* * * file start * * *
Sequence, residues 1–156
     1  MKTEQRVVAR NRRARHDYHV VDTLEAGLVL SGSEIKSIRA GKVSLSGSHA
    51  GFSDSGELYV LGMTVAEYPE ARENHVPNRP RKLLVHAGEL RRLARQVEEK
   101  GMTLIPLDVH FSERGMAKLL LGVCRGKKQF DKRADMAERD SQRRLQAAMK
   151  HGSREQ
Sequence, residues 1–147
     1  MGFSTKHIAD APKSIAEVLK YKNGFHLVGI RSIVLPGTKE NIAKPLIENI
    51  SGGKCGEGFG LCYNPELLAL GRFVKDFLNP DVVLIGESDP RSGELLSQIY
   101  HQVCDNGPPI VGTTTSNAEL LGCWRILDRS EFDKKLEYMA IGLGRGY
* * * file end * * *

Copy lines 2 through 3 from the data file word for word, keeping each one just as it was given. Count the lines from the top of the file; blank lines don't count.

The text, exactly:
     1  MKTEQRVVAR NRRARHDYHV VDTLEAGLVL SGSEIKSIRA GKVSLSGSHA
    51  GFSDSGELYV LGMTVAEYPE ARENHVPNRP RKLLVHAGEL RRLARQVEEK